Mushrooms: A Wealth of Nutraceuticals and An Agent of Bioremediation

Nutritional and Medicinal Values of Mushroom

Author(s): Nazish Tabassum and Mohan Prasad Singh * .

Pp: 1-8 (8)

DOI: 10.2174/9789815080568123010004

* (Excluding Mailing and Handling)


Humans have ingested both wild and farmed mushrooms for their nutritional and therapeutic properties. Mushrooms are a good source of protein, carbohydrates, and dietary fiber compared to energy and fat. They are rich in vitamins like riboflavin, niacin, and folates, as well as minerals and trace elements like potassium and copper. Due to their distinct flavor, they have been eaten as food for ages. Aside from being a nutrient-dense diet, certain mushrooms are also considered a rich source of physiologically active chemicals with potential therapeutic value in Chinese medicine. Phenolic chemicals, sterols, and triterpenes are examples of bioactive secondary metabolites that occur in mushrooms. Mushrooms are essential in traditional medicine for their healing powers and characteristics, as well as their long history as a food source. It has been shown to have positive benefits on health and the treatment of certain ailments. Mushrooms have a variety of nutraceutical qualities, including the prevention or treatment of Parkinson's disease, Alzheimer's disease, hypertension, and stroke risk. Due to their antitumoral properties, they are also used to lower the likelihood of cancer invasion and metastasis. Mushrooms are antimicrobial, antioxidant, immune system boosters, and cholesterol-lowering agents, and essential bioactive compounds. Mushrooms and mushroom derivatives may have health benefits if included in our daily diet.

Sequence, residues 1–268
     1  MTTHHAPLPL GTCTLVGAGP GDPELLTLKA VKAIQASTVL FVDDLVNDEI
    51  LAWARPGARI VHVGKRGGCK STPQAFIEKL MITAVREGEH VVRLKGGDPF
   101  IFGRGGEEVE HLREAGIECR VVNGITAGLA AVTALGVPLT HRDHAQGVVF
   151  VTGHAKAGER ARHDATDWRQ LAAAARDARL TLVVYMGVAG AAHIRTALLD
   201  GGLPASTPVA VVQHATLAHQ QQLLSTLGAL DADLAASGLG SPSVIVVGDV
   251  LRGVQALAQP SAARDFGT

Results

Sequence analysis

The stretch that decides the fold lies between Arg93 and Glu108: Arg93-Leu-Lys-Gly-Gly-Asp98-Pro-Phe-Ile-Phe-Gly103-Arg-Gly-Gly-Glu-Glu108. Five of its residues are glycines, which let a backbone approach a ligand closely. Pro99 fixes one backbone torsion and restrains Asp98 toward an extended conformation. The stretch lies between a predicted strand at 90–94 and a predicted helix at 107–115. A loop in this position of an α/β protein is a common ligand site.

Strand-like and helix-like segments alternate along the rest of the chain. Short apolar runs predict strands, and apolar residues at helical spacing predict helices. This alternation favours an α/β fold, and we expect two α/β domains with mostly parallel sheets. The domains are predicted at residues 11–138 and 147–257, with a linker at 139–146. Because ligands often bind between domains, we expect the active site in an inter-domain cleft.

Keywords: Bioactive compounds, Food supplements, Medicine, Mushroom

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